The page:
Google this week announced a partnership with Ascension—the second largest health system in the United States—as part of an effort to break into the health-care industry. Google plans to collect and mine the personal health data of some 50 million patients. Though both companies claim that they are compliant with Health Insurance Portability and Accountability Act (HIPAA) standards, the partnership drew criticism from the general public as well as regulators and lawmakers in Washington.
The Wall Street Journal reports that data is already being transferred to Google’s cloud without the prior knowledge of stakeholders, including patients and medical practitioners within the Ascension health-care system. Data will eventually be reviewed by artificial intelligence to determine the riskiness or effectiveness of given health-care routines and procedures. Though HIPAA permits health information to be distributed to partners without the consent of affected patients, concerns have been raised that Google won’t use the data strictly for HIPAA-permissible “health-care functions” and which Google employees will be able to view the data. In a blog post responding to the initial outcry, Google writes: “We have a Business Associate Agreement (BAA) with Ascension, which governs access to Protected Health Information (PHI) for the purpose of helping providers support patient care. This is standard practice in healthcare, as patient data is frequently managed in electronic systems that nurses and doctors widely use to deliver patient care. To be clear: under this arrangement, Ascension’s data cannot be used for any other purpose than for providing these services we’re offering under the agreement, and patient data cannot and will not be combined with any Google consumer data.”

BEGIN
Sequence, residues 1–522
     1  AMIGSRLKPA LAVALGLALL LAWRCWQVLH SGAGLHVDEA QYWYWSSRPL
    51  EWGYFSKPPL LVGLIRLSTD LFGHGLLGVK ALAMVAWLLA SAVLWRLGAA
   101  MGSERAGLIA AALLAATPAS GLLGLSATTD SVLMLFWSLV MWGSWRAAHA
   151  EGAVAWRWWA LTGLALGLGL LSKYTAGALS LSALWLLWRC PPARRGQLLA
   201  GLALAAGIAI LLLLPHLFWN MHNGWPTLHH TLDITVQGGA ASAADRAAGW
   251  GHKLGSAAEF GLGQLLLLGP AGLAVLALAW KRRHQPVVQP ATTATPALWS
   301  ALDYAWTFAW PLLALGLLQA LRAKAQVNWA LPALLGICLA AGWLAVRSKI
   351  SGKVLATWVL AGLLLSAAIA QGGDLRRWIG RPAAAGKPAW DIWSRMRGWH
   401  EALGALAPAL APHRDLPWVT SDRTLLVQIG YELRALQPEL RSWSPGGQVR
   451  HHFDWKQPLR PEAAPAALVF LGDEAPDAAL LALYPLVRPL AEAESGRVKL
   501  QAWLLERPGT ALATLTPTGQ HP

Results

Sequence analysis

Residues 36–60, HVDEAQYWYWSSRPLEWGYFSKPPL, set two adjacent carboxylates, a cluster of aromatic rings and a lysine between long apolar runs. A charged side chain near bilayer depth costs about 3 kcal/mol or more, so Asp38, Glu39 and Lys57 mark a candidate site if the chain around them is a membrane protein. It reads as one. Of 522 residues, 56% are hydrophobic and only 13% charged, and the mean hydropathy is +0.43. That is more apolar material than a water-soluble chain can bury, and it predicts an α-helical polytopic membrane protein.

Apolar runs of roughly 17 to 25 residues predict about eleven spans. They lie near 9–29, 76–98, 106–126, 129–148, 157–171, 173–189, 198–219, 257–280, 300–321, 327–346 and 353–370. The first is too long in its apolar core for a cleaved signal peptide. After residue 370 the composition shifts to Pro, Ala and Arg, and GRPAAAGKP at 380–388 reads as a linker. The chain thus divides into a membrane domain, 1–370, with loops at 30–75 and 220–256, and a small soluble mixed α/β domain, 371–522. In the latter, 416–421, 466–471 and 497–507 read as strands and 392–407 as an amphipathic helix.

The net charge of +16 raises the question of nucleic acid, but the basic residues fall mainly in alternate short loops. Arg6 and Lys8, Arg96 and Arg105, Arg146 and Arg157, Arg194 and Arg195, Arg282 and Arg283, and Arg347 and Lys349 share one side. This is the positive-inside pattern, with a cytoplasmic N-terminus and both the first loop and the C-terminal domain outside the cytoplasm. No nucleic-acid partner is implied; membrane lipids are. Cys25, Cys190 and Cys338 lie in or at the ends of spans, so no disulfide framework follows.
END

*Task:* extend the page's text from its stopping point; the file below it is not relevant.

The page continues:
Google’s deal with Ascension, dubbed “Project Nightingale,” comes only months after YouTube, owned by Google, was fined for unlawfully using data it obtained on children accessing its site to target advertising at them. Earlier this year, The New York Times reported that Google was fined in France under Europe’s new General Data Protection Regulation for poor public communication on the company’s user data collection and its use in personalizing ads.
Implications for Boards: Consumers are increasingly concerned about how their data is collected, used, and shared. Boards should be aware of what consumer data the company collects, how the company secures and uses that data, and what the legal and reputational liabilities are in the event that data is breached. In the event that the company partners with another company to realize long-term strategic goals, boards need to ascertain whether the partner company manages and secures data, and whether their practices are compliant with current regulations. In addition, if a data-collection venture stands to be highly controversial, the board may want to be apprised of the implications to its reputation and the company’s stakeholder communication plan.
Key Questions Directors Should Ask:
NACD Resources: The blog post "Responsible Privacy: Is the Board Doing Its Part?" details how boards can improve data oversight by asking the right questions, understanding the business purpose of data, and reviewing third parties to ensure they operate with the same privacy and compliance standards. Our Director FAQ, The Board’s Role in Data Privacy Oversight, provides an overview of the board’s duties in ensuring data privacy and helps directors test the strength of their data privacy programs. The NACD Director’s Handbook on Cyber-Risk Oversight focuses more on cybersecurity, but touches on legal implications related to cyber risks and how boards should work with management to better understand and structure cybersecurity processes.